Now, he isn’t, I know that, you know that, but he might as well be, and because of the way it builds up to that moment, that 20 seconds or so of rapping, this makes the list.

5 – Coldplay – Fix You

I happen to have reviewed this one too, with the link to that here, and the link to the video here.

I used to love this song – it was the song that taught me that there’s a certain artistic style when you use a juxtaposition of poor quality singing – which I consider the majority of the song – with high quality music (throughout), and brilliant singing – which I believe to be the case post-buildup release.

So, the buildup. Guitar, drums, the latter faster, getting louder, faltering for just a moment to get into a slightly different rhythm, and then BOOM. Quite literally, if you watch the video, as that’s when the pyrotechnics begin.

Now, I’m listening to, and watching the videos to these, as I write about each of them and I got the shivers on this one. I knew it was coming, I mean, fuck, I was writing about it coming, and I still got the shivers. That’s a powerful experience, that is, that’s why it’s on the list. That’s why.

4 – Phil Collins – In The Air Tonight

I’m not so big a fan of this one – I find it dull, I find it repetitive, and I just don’t enjoy listening to it at all. If you do, or if you think you might, here‘s the video.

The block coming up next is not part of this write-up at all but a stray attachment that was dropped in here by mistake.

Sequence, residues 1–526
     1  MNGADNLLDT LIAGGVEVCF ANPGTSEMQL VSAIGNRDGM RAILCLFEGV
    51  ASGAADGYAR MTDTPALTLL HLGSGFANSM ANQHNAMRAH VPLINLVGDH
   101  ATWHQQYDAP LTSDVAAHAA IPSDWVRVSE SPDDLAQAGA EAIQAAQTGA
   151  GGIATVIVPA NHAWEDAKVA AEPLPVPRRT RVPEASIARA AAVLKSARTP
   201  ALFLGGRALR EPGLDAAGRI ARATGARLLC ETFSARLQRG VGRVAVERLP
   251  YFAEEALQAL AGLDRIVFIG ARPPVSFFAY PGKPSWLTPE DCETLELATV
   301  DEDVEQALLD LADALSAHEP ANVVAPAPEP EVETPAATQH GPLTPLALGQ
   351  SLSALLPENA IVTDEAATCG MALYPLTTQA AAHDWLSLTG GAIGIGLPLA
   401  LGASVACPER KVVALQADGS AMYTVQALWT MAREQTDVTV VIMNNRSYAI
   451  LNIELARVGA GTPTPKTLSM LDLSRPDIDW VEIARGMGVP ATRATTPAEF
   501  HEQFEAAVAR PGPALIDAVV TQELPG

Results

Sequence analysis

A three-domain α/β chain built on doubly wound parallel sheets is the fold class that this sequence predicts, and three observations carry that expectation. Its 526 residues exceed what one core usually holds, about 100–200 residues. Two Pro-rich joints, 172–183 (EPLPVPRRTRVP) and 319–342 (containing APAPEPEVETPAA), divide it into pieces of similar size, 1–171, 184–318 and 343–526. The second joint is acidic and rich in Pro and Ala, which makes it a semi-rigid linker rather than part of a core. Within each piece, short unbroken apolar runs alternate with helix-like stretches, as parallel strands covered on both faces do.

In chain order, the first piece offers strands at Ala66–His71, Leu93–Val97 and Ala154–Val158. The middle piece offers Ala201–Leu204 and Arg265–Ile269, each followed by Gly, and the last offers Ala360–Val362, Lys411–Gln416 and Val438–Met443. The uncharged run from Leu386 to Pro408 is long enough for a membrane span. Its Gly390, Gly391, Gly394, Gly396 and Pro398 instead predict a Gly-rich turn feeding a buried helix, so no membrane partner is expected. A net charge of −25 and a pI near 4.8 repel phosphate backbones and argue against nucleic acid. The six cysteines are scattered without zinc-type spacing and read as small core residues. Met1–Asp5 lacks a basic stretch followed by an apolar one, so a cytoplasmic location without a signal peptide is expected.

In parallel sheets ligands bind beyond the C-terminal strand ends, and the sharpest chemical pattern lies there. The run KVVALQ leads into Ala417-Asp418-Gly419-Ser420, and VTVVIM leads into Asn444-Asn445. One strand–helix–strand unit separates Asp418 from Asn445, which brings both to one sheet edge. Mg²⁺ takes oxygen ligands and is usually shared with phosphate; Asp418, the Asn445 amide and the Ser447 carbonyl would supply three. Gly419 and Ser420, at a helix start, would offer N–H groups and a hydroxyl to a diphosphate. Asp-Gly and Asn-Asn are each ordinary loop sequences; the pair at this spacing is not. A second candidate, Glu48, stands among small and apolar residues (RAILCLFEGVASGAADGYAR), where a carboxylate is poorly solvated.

That said, he can play the drums brilliantly. I know it, you know it, he knows it, and the way the non-drum music builds up to the part we all know, and how the drum changes from rhythm to art in a flash… It’s the reason anyone who knew about this song’s existence knew that it would be on this list. It had to be, right? Between you and me, it’s the song that inspired the list, alongside #1. But that’s an opinion for later.

3 – Dire Straits – Money For Nothing

Now, I prefer the longer version for the purposes of this top ten, but for ease, here‘s the short version video with the buildup and release right at the start.

In the longer version, there’s about a minute of the harmonic lusting for a TV, backed by the ethereal sounding music, before bringing in the drums, the synths, and, ultimately, the release in the form of guitar. For the full effect, I really do recommend the long version. In fact, fuck it, here it is. It’ll take another 2 minutes of your life. You can manage that, right?

That buildup, that guitar, just… it’s just fantastic.

2 – Fleetwood Mac – The Chain